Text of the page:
This is an argument that often get poked in online forums (social.microsoft and the like) but no one seem to have a clear understanding of all the issues, so I am posting here. Also notice that the following is from a pure technical viewpoint, avoiding on purpose discussion about any legal implication dll embedding may have.

The problem is easily summed up: most of the time I work on "on commission" custom solution for clients that use multiple competitor agencies to externalize their SharePoint development. This means that most of the time I have very little control over the farm environment, yet I found myself constantly having to use external libraries I often can't avoid or supply myself.

Simple example: think of entity framework. All the competitors use it. Result: n solution try to deploy the same dll and this become a "warfare" scenarios with no real ALM plan - every application can potentially destroy all the others one when retracting, by removing a single dll everyone use. This could be avoided if the libraries where provided by special ad-hoc solutions that just do that, but not every client seem to accept that.

For that reason, I was considering as at last option to use dll embedding-as-resource to avoid deploying dlls to the gac in the most desperate situations. Probably many of you know Costura.Fody or others dll embedding plug-ins, but any attempt to use it in my test have failed. It seem like SharePoint overwrites the handler dll embedding solutions use to handle the AppDomain.Current.AssemblyResolve event and provide custom resolution, but I can't find any source confirming this.

For this reason I am asking about any success story you may have about using dll embedding on SharePoint or procedure you are using to achieve that. I am also open to any alternative you may have that could be used as an alternative to provide better control in environments like the ones I described.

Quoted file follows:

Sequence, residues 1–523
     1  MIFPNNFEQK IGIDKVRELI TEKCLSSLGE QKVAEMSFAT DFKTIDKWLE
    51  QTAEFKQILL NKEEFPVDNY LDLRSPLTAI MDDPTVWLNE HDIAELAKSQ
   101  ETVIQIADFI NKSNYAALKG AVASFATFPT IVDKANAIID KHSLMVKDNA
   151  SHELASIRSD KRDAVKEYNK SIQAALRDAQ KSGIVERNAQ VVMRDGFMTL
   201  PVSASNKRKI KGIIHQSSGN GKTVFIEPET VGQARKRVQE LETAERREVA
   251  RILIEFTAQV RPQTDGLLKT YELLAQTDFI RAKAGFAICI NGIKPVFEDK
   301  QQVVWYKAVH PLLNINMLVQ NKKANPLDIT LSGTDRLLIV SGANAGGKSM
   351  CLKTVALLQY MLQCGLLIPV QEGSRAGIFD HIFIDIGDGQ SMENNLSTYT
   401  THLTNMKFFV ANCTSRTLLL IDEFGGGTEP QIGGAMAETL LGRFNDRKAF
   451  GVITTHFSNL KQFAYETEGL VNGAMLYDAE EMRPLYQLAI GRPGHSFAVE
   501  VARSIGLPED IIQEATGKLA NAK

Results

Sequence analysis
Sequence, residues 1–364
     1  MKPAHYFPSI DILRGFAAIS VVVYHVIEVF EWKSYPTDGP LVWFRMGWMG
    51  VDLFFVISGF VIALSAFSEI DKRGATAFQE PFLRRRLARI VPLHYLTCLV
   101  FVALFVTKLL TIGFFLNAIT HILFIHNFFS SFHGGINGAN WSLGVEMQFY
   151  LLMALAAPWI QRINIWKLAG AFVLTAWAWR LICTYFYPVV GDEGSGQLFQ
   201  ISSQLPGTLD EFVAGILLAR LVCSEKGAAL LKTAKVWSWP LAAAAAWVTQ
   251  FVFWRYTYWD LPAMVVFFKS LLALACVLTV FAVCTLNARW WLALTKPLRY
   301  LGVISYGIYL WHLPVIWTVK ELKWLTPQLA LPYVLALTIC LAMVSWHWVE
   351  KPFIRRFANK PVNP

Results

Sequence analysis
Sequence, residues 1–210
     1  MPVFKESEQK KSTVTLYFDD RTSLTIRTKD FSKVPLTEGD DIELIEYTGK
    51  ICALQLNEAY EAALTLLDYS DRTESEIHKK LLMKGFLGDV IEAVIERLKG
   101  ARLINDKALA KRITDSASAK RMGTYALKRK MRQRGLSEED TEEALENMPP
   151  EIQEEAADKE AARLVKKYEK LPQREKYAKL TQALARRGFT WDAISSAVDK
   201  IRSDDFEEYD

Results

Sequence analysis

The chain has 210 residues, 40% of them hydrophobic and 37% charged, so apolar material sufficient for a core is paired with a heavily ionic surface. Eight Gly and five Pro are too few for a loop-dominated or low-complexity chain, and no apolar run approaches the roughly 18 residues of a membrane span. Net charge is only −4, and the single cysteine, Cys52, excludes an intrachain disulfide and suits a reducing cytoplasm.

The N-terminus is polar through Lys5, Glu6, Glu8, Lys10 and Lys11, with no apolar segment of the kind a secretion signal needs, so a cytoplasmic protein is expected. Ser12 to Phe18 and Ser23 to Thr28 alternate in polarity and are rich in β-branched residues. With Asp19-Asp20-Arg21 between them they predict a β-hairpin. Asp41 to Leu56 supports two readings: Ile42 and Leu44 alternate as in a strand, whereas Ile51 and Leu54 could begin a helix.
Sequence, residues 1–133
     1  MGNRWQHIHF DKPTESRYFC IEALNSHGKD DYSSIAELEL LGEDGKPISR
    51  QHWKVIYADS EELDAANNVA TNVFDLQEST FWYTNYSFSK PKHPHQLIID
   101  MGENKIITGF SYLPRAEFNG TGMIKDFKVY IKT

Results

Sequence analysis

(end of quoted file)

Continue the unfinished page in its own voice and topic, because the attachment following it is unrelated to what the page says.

PS: I already have considered using bin folders instead of GAC for dll deploy, but my clients have the habits to use "one for all" web applications, so it wouldn't provide much help.

1 Answer 1


I recently had some more time to review this old issue and try to give an actual answer to my question.

After some more testing, I was able to determine that (when used on a SharePoint 2013 farm):

  • Using Costura.Fody to embed libraries works when deploying libs to the BIN folder and fails if the lib are deployed to the GAC.

  • Module Initializer works for assembly deployed to the GAC. This was tested with the Costura Module Initializer nuGet package.

  • even when assemblies are deployed to the bin folder, Costura isn't able to enforce dll version specificity when resolving references. This means that if multiple solutions in the same AppDomain use the same library with different version, the first one to get resolved will then be used for all sub-sequential resolve attempts

I was also able to point out some sources stating than AppDomain.Current.AssemblyResolve won't work for GAC assemblies, but sadly no official Microsoft one.

Reference: AssemblyResolve for GAC'd Assemblies

While on SharePoint 2013 the removal of the need for custom CAS policies definition has made BIN folder deployment a wider option, using Costura to embed reference still would leave us open to the DLL version problem. Since the primary reason to adopt Costura in the first place was to make project use a "local" version of what would be normally a shared library, risking usage of a different version of the assembly is a mayor issue.

As now, the solution is not fitting my needs, so I am abandoning it. I will do further experiment to see if the present issues may be somehow circumvented and will post back my finding if any new option arises.

Update: I am currently considering to switch from dll embedding to dll merging. I have found out that using ILMerge and a nuget package called "MSBuild ILMerge Custom Task" I am able to merge any "external" signed library reference to the main solution assembly. My current prof-of-concept solution shows that ILMerge can be used to have multiple solutions deployed to the same farm and web application provision multiple web parts on the same web site page each one using a different version of the same class library project.

I will do some more test and update the post with my finding. As now, it is probably worth considering library merging as a solution over dll embedding (something that seems to break apart very easily in many real-life scenarios). I will also double check about the legal implications - if any - of dll merging over embedding (does it count as an unlicensed modification of the original merged libraries?).


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